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Predicting alcohol consumption in adolescence from alcohol-specific and general externalizing genetic risk factors, key environmental exposures and their interaction

  • K. S. Kendler (a1) (a2) (a3), C. Gardner (a1) (a2) and D. M. Dick (a1) (a2) (a3) (a4)



Alcohol consumption is influenced by specific genetic risk factors for alcohol use disorders (AUDs), non-specific genetic risk factors for externalizing behaviors and various environmental experiences. We have limited knowledge of how these risk factors inter-relate through development.


Retrospective assessments in 1796 adult male twins using a life history calendar of key environmental exposures and alcohol consumption from early adolescence to mid-adulthood. Analysis by linear mixed models.


The importance of non-specific genetic risk factors on maximal alcohol consumption rose rapidly in early to mid-adolescence, peaked at ages 15–17 years and then declined slowly. Alcohol-specific genetic risk factors increased slowly in influence through mid-adulthood. We detected robust evidence for environmental moderation of genetic effects on alcohol consumption that was more pronounced in early and mid-adolescence than in later periods. Alcohol availability, peer deviance and low prosocial behaviors showing the strongest moderation effects. More interactions with environmental risk factors were seen for the non-specific externalizing disorder risk than for specific genetic risk for AUDs.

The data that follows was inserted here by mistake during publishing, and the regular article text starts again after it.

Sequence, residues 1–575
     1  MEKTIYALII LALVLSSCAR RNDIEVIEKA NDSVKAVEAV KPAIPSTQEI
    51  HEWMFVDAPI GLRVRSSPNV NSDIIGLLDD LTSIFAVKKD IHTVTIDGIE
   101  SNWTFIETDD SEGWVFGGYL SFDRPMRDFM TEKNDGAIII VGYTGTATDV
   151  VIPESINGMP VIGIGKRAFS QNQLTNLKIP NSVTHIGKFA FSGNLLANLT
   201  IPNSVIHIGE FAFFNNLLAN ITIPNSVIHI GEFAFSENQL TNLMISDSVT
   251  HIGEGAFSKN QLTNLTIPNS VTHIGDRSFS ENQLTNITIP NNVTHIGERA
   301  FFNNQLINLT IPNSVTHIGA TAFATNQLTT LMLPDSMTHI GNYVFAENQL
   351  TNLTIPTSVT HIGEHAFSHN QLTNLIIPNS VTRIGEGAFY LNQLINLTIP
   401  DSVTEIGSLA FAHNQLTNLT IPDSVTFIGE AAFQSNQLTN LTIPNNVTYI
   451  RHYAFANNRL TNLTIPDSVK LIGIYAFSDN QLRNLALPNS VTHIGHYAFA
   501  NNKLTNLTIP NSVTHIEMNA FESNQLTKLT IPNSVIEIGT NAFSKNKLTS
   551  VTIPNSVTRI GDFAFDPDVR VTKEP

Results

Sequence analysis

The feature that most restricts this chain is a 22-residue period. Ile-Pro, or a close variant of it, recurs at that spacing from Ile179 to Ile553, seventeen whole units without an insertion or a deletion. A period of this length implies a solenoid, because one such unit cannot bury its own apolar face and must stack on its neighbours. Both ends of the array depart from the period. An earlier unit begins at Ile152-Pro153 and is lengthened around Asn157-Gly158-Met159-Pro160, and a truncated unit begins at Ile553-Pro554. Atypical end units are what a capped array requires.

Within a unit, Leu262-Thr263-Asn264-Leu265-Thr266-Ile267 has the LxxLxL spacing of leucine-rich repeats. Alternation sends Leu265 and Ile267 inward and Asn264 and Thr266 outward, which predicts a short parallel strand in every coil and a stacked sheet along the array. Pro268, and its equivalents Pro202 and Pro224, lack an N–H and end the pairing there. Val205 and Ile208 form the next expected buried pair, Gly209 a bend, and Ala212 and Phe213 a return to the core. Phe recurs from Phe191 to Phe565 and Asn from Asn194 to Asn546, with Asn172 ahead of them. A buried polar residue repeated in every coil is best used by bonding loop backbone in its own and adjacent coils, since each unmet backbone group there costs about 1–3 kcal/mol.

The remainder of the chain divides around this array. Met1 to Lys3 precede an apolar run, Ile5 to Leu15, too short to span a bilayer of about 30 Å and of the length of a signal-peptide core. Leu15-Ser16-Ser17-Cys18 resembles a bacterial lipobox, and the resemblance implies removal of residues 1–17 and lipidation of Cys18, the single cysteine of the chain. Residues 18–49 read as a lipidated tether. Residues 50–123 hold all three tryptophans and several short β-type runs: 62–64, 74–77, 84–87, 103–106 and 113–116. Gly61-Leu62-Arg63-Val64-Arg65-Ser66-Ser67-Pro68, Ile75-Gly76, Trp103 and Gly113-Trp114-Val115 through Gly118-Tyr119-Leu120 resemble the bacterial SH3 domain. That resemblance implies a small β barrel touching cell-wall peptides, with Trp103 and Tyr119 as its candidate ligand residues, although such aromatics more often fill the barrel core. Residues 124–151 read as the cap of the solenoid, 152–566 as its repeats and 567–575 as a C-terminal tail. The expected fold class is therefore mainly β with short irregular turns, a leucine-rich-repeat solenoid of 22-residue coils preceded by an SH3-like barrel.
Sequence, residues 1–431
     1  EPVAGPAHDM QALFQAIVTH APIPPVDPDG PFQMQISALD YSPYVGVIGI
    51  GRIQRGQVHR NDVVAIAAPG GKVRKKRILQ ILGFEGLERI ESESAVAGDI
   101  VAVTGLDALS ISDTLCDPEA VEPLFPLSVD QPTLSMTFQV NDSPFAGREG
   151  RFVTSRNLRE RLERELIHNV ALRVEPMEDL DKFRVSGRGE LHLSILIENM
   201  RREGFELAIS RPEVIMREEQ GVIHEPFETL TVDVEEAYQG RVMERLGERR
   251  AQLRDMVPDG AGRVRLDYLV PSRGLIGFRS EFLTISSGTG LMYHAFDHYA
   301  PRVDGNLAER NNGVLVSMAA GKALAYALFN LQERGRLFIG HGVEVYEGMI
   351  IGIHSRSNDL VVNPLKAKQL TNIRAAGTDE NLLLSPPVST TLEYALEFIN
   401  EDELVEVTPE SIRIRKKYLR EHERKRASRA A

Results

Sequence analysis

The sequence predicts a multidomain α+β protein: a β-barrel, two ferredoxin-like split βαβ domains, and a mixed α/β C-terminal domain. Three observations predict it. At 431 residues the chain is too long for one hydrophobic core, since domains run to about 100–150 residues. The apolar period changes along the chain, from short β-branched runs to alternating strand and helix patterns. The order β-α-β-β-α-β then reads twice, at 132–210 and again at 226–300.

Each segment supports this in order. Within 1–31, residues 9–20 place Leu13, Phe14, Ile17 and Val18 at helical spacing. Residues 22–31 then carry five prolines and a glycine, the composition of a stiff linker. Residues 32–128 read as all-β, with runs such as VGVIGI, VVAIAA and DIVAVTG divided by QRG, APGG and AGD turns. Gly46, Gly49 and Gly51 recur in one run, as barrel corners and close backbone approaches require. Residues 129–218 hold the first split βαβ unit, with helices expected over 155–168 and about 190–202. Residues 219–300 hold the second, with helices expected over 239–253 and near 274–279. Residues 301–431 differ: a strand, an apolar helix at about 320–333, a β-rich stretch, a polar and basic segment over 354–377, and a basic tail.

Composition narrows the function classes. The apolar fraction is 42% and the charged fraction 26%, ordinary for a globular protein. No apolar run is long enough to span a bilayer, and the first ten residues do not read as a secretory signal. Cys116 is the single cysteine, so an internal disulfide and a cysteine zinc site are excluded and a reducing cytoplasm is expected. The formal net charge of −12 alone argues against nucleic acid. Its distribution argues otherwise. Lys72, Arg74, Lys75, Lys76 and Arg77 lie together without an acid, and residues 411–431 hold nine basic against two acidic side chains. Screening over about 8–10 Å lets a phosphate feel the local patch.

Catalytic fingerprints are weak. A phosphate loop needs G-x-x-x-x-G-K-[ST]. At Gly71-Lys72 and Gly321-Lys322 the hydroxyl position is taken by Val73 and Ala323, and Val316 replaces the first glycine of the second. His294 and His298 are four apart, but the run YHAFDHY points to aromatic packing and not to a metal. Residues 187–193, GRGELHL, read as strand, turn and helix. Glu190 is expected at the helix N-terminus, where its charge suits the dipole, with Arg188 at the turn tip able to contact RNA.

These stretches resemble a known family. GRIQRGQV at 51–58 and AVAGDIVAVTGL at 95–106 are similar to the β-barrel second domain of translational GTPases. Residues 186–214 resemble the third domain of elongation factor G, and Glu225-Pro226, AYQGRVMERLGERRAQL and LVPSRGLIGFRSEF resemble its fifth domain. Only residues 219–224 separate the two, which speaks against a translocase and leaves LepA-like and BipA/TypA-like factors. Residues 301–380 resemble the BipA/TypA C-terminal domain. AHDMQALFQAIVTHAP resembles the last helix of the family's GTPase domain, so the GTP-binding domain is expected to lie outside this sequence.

The impact of specific and non-specific genetic influences on alcohol consumption have different development trajectories. Genetic effects on alcohol use are more pronounced when social constraints are minimized (e.g. low prosocial behaviors or parental monitoring) or when the environment permits easy access to alcohol and/or encourages its use (e.g. high alcohol availability or peer deviance). Gene–environment interactions influencing alcohol intake may be more robust at younger ages, indicating greater plasticity of genetic influences early in the development of drinking patterns.


Corresponding author

*Address for correspondence: K. S. Kendler, M.D., Virginia Institute for Psychiatric and Behavioral Genetics, Virginia Commonwealth University Medical School, PO Box 980126, Richmond, VA 23298-0126, USA. (Email:


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